Many people think of headphones as commodity items that deserve little of your attention or budget. Headphone enthusiasts beg to differ. As manufacturers started inching up their prices after seeing the success Beats had selling $300 models, they found ’phone enthusiasts happy to spend more in search of sonic nirvana. The last two years have seen the launch of numerous headphones priced at $2,000 or more … and sometimes way more.
Don’t Take the A Train
Non-enthusiasts surely wonder how anyone could justify spending thousands of dollars on something you plug into your phone when you’re on the subway, but most high-end headphones are designed only for use in the home. Many are bulky, some are heavy, and most reach optimum performance only when paired with a separate amplifier. Many are of open-back design, which lets sounds from around you leak into the headphones—and makes them practically useless in noisy public places.
Still, could any headphone be worth thousands of dollars? I got my answer when I compared HiFiMan’s $6,000 Susvara headphones to the company’s HE1000 V2 headphones, which cost $2,999 when they were introduced. Numerous reviewers thought the HE1000 v2’s ambient, detailed sound was as good as headphones can get, so I wasn’t expecting the Susvara to be substantially better. But all those same reviewers thought the Susvara sounded far clearer and more natural. “The Susvara makes the HE1000 v2 sound like it’s broken,” one told me. I’ve never had $6,000 to spare for headphones, but for jazz fans with plenty of disposable income, I think the Susvara is one of the best bargains in audio—even though it requires spending another thousand or two on an amplifier powerful enough to drive it.
What do you get with the best ultra-high-end headphones? Clarity and naturalness, basically. When I heard my best jazz recordings on the Susvara, it was hard to tell the timbre of a reproduced saxophone from the real thing. When I switched to almost any other headphones, it seemed like the sax player had suddenly started playing through a P.A. system.
That’s not to say all high-end headphones are great. Around the same time, I got to try HiFiMan’s Shangri-La electrostatic headphone, which includes a purpose-built amplifier powered by a quartet of vacuum tubes roughly the size of 12-ounce beer cans. Despite the system’s $50,000 cost, I preferred the Susvara’s sound. To my ears, the Shangri-La needed more bass—it made Trane’s “Giant Steps” sound almost as if the band had started without Paul Chambers.
Focal, a French company known for high-end speakers, recently introduced a few super-high-end models, including the new Stellia, which runs $3,000. The big, blingy Stellia not only ranks among the best headphones I’ve heard; it’s also the most user-friendly high-end headphone I’ve tried. The closed-back design does a pretty good job of blocking the sound of the burbling coffee machines and background music at Starbucks, and even when plugged straight into a smartphone, they’ll reproduce Billie Holiday’s softest whispers as easily as they handle the ferocious dynamics of Mike Stern’s wildest solos.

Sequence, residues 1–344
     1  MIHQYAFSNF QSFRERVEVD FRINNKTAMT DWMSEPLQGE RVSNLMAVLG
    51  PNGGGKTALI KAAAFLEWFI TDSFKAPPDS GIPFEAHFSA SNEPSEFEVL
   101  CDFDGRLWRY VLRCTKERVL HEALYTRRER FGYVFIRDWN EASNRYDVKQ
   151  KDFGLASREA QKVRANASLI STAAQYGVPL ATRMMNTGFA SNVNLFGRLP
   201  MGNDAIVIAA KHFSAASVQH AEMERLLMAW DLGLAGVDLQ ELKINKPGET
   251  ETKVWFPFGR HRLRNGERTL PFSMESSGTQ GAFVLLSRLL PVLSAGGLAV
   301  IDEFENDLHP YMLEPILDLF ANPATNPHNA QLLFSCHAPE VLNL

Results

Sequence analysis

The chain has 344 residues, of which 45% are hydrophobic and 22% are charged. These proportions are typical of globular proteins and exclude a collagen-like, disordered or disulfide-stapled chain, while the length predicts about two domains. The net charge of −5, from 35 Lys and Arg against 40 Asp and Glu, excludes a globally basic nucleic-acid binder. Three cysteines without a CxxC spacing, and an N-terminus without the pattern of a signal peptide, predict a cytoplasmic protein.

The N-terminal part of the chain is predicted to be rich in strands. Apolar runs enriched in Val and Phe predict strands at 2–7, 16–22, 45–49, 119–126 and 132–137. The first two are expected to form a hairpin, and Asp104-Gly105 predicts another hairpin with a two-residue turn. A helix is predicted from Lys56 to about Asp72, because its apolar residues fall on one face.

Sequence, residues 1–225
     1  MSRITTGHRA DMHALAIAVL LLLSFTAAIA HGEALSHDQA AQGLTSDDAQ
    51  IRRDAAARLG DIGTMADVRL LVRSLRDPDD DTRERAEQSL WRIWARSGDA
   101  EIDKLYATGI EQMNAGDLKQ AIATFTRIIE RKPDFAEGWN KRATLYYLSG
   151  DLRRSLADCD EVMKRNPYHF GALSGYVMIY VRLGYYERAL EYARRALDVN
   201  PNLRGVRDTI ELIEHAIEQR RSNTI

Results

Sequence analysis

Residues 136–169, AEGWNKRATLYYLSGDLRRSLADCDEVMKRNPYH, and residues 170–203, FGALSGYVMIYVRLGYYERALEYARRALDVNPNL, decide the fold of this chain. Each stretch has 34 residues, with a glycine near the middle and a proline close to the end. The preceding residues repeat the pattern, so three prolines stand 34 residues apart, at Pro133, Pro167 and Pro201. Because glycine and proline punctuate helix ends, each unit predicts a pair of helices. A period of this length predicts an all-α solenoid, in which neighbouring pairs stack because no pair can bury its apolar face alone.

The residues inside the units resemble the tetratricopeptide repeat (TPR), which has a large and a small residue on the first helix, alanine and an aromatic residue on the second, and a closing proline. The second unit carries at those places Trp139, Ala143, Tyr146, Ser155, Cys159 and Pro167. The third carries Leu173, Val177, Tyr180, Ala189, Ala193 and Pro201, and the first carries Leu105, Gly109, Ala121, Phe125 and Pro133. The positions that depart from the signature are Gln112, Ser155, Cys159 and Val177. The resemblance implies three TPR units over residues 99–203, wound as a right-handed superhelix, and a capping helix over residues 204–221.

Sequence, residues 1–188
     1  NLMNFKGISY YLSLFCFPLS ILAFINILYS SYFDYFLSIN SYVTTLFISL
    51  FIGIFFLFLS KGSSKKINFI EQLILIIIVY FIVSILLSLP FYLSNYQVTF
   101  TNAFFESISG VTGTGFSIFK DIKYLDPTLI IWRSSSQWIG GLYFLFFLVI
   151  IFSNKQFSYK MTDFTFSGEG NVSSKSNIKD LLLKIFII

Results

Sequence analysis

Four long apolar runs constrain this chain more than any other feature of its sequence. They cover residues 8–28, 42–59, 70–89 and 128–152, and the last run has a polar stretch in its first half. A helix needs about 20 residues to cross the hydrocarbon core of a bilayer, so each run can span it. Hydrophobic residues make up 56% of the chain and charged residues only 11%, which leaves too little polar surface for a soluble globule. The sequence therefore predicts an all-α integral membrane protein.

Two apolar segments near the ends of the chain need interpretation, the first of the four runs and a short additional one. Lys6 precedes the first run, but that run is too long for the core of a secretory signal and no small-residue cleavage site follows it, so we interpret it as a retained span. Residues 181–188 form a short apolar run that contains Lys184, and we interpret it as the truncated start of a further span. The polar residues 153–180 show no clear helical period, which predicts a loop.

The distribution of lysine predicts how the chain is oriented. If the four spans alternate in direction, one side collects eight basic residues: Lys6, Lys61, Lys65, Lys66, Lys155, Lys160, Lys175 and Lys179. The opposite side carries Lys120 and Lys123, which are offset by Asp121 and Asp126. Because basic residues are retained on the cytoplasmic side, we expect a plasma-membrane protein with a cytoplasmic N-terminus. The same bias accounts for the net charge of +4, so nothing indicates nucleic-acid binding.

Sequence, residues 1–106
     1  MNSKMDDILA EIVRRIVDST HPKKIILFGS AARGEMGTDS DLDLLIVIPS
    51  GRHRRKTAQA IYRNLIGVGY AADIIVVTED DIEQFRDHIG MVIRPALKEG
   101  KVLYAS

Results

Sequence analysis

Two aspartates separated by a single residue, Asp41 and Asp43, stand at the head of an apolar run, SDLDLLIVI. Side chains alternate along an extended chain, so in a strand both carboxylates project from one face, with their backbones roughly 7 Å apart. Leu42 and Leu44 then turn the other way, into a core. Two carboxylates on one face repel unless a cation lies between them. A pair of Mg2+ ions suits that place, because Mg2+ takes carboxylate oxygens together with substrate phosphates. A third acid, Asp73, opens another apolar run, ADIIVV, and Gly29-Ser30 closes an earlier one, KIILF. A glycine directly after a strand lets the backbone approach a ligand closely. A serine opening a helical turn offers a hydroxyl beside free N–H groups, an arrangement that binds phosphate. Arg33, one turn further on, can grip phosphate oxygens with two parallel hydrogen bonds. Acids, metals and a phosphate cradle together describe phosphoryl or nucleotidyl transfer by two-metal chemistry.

High End, Low Profile
Nobody said high-end headphones have to be colossal. Abyss, whose $4,995 AB-1266 Phi TC headphones are among the world’s largest, heaviest, and most revered, just introduced the $3,999 Diana Phi, a high-end model so compact and conventional-looking that you could even wear it to the gym without attracting stares. I hadn’t heard the Diana Phi as of this writing, but initial reviews suggest nothing was compromised when the size was slimmed down.
There are even a few ultra-high-end in-ear headphones. One of my favorites is Audeze’s $2,495 LCDi4, which squeezes the same audio technology found in the company’s $3,995 LCD-4 over-ear headphones down to about the size of a couple of poker chips. The LCDi4’s sound is so natural and spacious, you won’t believe you’re wearing earphones. But like the LCD-4, the LCDi4 is an open-back design, so it’ll let traffic noise and chit-chat intrude on your Miles sides.
If you want ultra-high-end sound while you’re walking around, your best bet might be JH Audio’s Layla in-ear headphones, which start at $2,725. Each of the tiny earpieces contains 12 minuscule drivers: four each for the bass, midrange, and treble, and all tuned to work perfectly in concert. Because the earpieces are custom-molded to fit your ears, the Layla does an excellent job of blocking outside sound—and you can also get it in a wide range of styles, from carbon fiber to zebrawood.
Sonically superb as ultra-high-end headphones can be, it’s quite a leap of faith to spend more than $2,000 on a pair. Fortunately, most large cities have specialty audio dealers where you can try different high-end headphones. You can also hear them at CanJam, a headphone show that takes place annually in Denver, Los Angeles, New York, and several other cities worldwide. Even if you decide to spend less, it’s worth the effort just to find out how great your favorite jazz albums can possibly sound.